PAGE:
College sailing has banned single use water bottles from its events. Real rules against it! Sailors must drink from re-useable bottles and hosts must provide a source of water to refill those bottles.
The New England Scholastic Sailing Association (high school sailing) has approved the same policy on a voluntary basis.
Host schools and coaches are tired of finding bottles in their sailing waters, tired of picking up the empties after an event, and tired of disposing of the mountain of trash. The bottles are frequently discarded without recycling the plastic.
My first reaction to this information was totally selfish. How will addressing this inconvenience me? I take along bottled water when I sail and buy cases of it for high school regattas. My sailing facility does not have a readily available source of clean drinking water to provide to regatta participants. Is it really a big enough problem to warrant new efforts from me?
Upon looking into it, it IS a big enough problem. In fact, it’s big enough that I’m ashamed I haven’t changed my ways before now.
Some bottled water facts:
• 60,000,000 plastic water bottles are discarded EVERY DAY in America.
• Only 23% (highest estimate I’ve found) of plastic water bottles are recycled. The rest end up in landfills or worse, where they can leach chemicals into the ground water.
• It takes ½ cup of oil to manufacture and transport each bottle.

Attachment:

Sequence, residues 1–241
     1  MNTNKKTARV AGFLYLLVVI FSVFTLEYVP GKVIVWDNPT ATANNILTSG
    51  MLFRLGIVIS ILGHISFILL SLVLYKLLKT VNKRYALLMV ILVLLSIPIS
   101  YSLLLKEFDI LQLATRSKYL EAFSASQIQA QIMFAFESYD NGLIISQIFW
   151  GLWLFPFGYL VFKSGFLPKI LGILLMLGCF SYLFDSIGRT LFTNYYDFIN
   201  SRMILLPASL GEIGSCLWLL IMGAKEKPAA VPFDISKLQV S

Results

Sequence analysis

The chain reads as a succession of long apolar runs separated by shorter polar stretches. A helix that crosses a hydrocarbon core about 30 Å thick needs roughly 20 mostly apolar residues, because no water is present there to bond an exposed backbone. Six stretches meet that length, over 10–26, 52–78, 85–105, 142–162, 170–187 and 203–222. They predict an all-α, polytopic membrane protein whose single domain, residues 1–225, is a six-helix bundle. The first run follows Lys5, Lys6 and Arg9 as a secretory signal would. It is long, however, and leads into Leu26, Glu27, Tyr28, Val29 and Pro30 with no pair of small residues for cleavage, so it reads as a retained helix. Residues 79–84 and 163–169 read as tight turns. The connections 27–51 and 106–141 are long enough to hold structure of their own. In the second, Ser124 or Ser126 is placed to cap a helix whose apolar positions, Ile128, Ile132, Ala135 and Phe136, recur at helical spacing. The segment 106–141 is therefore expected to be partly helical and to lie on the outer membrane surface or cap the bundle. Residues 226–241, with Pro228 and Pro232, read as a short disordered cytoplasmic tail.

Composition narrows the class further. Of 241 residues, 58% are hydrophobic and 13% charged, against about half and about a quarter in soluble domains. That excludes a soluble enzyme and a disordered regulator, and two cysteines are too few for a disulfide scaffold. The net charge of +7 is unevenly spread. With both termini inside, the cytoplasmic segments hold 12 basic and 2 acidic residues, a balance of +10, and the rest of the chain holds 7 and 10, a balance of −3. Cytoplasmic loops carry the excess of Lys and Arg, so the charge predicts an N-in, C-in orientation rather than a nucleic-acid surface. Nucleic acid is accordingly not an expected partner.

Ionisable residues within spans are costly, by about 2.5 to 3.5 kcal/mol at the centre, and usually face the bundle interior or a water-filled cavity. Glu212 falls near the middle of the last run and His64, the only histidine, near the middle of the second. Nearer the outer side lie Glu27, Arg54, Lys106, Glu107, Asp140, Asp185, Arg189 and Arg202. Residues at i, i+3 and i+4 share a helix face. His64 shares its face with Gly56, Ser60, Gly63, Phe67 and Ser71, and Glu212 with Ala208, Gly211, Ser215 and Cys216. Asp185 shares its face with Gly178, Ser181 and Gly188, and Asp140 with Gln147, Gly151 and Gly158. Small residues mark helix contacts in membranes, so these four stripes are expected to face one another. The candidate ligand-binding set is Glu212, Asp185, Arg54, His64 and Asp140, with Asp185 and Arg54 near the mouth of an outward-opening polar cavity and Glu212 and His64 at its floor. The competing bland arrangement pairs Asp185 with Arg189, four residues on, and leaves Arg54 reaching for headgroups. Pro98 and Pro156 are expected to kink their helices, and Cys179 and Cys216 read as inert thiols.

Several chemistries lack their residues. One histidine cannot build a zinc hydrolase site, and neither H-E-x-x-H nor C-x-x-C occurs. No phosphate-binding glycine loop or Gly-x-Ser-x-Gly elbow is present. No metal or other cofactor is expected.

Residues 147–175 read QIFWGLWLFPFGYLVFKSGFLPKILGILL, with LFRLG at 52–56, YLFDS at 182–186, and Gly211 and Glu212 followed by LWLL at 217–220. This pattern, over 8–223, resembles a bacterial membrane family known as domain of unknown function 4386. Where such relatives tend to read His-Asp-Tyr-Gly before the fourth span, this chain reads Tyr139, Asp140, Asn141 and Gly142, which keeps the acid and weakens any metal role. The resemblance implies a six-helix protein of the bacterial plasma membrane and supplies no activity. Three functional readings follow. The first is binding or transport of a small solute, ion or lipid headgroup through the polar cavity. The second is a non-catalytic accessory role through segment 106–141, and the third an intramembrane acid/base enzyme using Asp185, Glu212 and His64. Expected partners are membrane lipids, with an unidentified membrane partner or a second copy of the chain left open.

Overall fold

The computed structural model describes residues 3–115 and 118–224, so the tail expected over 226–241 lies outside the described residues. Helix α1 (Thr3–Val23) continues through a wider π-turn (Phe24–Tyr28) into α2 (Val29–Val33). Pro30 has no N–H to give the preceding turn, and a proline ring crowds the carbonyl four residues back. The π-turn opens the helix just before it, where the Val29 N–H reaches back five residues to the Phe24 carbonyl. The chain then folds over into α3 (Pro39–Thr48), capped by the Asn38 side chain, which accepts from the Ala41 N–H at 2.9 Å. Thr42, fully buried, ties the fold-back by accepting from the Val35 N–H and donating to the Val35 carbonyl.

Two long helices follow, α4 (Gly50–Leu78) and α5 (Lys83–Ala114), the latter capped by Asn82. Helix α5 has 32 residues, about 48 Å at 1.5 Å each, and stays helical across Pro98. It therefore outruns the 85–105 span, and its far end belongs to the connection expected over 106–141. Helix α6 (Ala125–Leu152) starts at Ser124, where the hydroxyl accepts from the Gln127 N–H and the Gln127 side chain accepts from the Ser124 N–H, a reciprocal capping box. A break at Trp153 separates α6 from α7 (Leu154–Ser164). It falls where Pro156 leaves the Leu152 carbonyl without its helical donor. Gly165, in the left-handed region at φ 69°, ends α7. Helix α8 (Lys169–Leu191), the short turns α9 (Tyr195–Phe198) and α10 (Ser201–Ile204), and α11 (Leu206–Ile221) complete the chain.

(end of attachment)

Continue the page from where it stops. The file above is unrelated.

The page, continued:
• It requires 3 times as much water to make the bottle as it does to fill it.
• In producing each bottle, the CO2 released into the atmosphere would fill 12 balloons.
• Bottled water costs between 200 to 10,000 times as much as tap water.
• Virtually every independent study on bottled water shows some contamination from bacteria and/or synthetic chemicals.
• Many of the leading brands are not mountain spring water, but merely tap water that has been run through filters.
A simple alternative is tap water in reusable plastic, aluminum, or stainless steel bottles. Reusable metal bottles can be bought for as little as $4 each when purchased in bulk. Plastic bottles are even cheaper.
If water quality is the issue, it should be comforting to know that the safety of tap water is more regulated than the safety of bottled water. Other quality issues depend on a comparison of specific bottled products to specific tap water sources. When necessary, filters are available to upgrade the chemical and mineral purity, odor, and taste of tap water. We can almost always find a suitable tap water source.
When you think about it, you have to admit that re-usable bottles and tap water, especially when filtered, would work in almost every situation where we commonly drink bottled water. It’s hard to rationalize the need for wasteful production and distribution processes and the harmful environmental consequences of single use water bottles.
We have two fundamental choices. As the saying goes, we become part of the solution or we are part of the problem.
Every time we refill a bottle, we reduce the number of new bottles by one, and we take a step in the right direction. 59,999,999 bottles on the heap. Our reuse might encourage a friend to do the same. 59,999,998 bottles on the heap. College sailors are doing their part, and now, so are many high school sailors. 59, 998,000 bottles on the heap.
Here’s a visual representation of the rate at which plastic bottles are discarded.
The internet offers lots of information of the subject. Here are some sites and videos that make the point in 13 minutes or less.